Obama will have to exercise restraint. What does one expect of Obama when he’s not going to send troops there? Though on Wednesday they announced that they’re sending 200 soldiers to protect their embassy, but this will be the beginning of going down the slippery slope because if 200 are not enough then you send 250 more and so on. I don’t think they will make the mistake again.

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Photographs: Reuters

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'The issue of 40 abducted Indians will not be easy to handle'

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Another facet of the current development is this whole issue of Iran’s stand. Is there any convergence of interest between Iran and America in the current crisis?

Well, there appears to be superficially some interest but fundamentally no. Because, America has done everything in the Middle-East for the last 10 years to help Iran! Everything that the US has done has helped Iran.

By default?

Yes, by default. It wasn’t their plan or intention. But the net result is that Iran is now a very big player in the region. It’s the most important player in the West Asian region. Iran is very much interested in saving the regime in Iraq. Prime Minister Nouri al-Maliki is Teheran’s man in Baghdad. There’s a Shia regime in power so Iran does not want to lose that position of influence.

But America’s apparent interest, ostensible interest, is that this strong fundamentalist regime of the ISIS should not take power in Baghdad. Because that might pose a threat to neighbouring countries, which it will. It will create problems in Jordan which is very fragile, very unstable. Jordan will be under a big threat, Lebanon too is fragile.

One thing we should keep in mind today. Syria and Iraq are one theatre of war. You should not treat them as two separate countries. They are one in eyes of the ISIS. There is a constant to and fro movement. You see, the Shia government in Teheran is supporting the government of Damascus. The Sunnis of Iraq are supporting the Sunnis of Syria.

And the Saudis, who are of course Sunnis, are supporting Sunnis of both Iraq and Syria. So, that is why we have heard Maliki accusing Saudi Arabia of fomenting genocide in Iraq. I think the Shia-Sunni tensions are maybe worse than what they were when the famous battle of Karbala took place, where Prophet Mohammed's grandson Iman Hussein and his infant son were killed in the battle. And that is where historically the Shia-Sunni conflict started.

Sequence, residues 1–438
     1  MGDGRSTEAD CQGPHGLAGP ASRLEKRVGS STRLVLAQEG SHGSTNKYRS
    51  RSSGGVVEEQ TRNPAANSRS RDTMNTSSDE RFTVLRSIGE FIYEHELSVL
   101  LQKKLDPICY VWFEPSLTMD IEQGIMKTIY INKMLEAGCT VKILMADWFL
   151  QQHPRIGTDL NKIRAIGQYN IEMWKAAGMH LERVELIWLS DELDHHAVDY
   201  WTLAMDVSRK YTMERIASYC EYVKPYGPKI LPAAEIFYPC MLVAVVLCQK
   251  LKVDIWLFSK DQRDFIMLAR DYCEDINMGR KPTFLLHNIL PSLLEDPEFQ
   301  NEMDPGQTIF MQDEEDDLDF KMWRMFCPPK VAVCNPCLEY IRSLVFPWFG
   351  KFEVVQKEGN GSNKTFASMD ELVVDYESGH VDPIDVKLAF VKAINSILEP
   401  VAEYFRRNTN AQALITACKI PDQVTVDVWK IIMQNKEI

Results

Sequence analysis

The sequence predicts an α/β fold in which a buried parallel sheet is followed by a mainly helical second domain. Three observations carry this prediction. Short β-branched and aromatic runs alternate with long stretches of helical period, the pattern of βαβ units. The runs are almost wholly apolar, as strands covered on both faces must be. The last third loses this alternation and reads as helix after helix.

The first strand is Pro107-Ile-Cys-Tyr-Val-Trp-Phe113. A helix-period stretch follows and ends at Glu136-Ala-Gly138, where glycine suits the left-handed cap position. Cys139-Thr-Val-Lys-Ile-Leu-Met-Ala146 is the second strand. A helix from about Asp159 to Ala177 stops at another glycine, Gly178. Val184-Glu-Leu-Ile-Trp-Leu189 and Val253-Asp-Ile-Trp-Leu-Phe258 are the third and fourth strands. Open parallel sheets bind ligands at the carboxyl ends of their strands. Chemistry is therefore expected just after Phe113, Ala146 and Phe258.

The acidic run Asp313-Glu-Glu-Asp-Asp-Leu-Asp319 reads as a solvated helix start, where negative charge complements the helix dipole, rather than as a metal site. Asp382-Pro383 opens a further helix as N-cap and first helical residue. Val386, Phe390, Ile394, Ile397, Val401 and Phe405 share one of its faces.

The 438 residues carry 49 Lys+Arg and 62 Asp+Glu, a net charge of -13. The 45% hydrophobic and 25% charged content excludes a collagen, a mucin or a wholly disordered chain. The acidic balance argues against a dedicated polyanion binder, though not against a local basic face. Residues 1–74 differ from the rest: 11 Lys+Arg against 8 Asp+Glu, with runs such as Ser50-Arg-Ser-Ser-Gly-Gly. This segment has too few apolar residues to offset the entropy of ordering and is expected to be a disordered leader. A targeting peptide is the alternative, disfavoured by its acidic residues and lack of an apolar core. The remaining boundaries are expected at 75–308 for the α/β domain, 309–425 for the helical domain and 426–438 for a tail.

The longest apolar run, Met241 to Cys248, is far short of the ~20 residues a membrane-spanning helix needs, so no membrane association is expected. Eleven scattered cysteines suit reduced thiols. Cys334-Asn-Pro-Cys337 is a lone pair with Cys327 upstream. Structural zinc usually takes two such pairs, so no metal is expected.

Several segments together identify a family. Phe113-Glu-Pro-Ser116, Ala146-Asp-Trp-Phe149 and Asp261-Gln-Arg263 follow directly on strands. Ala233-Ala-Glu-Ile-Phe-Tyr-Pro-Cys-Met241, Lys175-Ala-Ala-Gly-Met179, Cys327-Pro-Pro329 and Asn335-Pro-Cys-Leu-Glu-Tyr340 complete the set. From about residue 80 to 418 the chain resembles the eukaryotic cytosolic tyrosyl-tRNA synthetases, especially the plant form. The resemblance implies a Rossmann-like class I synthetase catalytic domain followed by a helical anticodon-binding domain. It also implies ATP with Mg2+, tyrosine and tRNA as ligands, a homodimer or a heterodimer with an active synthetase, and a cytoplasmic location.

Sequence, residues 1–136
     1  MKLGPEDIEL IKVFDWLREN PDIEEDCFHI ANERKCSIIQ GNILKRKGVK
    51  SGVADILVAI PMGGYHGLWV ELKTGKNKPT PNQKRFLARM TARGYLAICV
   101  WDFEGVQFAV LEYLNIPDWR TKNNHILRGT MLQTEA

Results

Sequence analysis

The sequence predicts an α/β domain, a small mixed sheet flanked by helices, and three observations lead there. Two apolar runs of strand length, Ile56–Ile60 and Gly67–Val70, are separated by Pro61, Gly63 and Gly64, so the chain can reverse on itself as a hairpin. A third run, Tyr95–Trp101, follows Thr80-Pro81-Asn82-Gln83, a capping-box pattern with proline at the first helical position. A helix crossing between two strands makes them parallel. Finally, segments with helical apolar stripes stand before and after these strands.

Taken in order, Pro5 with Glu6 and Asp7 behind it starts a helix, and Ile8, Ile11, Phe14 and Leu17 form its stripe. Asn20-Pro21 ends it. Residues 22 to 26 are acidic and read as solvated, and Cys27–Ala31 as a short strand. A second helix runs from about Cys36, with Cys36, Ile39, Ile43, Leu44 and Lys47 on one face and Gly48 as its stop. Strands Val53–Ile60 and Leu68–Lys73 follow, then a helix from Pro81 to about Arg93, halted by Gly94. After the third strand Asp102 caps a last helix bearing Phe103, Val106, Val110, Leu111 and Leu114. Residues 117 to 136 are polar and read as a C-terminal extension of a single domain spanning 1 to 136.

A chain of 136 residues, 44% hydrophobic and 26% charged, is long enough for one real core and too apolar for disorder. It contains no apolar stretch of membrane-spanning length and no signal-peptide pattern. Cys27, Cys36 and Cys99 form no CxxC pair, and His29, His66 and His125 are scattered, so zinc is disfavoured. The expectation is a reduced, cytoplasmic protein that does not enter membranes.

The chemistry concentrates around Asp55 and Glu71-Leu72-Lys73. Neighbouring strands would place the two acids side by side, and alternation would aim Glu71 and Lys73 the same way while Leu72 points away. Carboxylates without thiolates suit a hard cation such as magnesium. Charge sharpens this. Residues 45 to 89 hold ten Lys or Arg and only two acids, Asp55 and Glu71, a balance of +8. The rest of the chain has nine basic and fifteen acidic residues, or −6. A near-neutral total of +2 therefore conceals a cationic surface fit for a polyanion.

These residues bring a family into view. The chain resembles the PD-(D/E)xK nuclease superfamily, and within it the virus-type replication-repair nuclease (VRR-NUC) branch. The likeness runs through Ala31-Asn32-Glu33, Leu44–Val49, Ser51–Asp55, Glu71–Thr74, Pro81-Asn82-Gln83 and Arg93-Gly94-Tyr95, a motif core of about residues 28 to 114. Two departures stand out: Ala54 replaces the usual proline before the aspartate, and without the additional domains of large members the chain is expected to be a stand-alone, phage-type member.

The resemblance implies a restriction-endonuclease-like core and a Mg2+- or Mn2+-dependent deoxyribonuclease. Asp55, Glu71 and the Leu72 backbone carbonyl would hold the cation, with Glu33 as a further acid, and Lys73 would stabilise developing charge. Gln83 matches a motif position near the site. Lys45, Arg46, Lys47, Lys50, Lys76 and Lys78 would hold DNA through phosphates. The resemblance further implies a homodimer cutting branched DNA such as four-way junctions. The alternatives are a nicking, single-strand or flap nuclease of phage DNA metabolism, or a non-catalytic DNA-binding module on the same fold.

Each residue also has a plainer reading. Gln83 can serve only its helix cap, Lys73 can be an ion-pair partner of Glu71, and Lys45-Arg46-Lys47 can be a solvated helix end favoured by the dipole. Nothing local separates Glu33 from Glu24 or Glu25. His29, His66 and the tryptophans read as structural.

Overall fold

Today it will not be much of an exaggeration to say that Iraq is in a worst situation than ever before. We in India have to be very watchful because, for our own reasons, we don’t want these fanatics of the ISIS to win, it’s a fundamentalist terrorist group.

They’re so fanatic and violent that even the Al Qaeda doesn’t recognise them as its part. They’re beyond the Al Qaeda. So these people are going to be a big menace. It's Iraq’s issue if they remain one country or not. Maybe this is too much to say, but it is their country. If the Sunnis, Shias and Kurdish communities of Iraq cannot live together in peace and harmony, then the consequences will follow.

And Maliki has done nothing to preserve the unity of the country. He has been persecuting the Sunni community there. These fellows who have come from Syria, the ISIL, the Islamic State of Iraq and Levant, it’s called either I-S-I-L or I-S-I-S but ISIL is the proper term for these people.

These ISIL people who are extremely rabid have found support among the local Sunnis in Iraq, so things have gone out of hand. The ISIL got its original inspiration from the Al Qaeda. Now, it is led by a terrorist called Abu Bakr al-Baghdadi.

The issue of 40 Indians, who have been kidnapped in Mosul, will not be easy to handle. Our problem is that in Afghanistan and Pakistan, the Taliban will draw a lot of inspiration from these guys. Some of the jihadis who have tasted success there will come here, to our part of the world, particularly Pakistan.

Watch out for Part 2 tomorrow

Image: Gurpinder Kaur's brother Manjinder Singh is one of the 40 Punjabi boys who have been abducted in Iraq
Photographs: Courtesy: ANI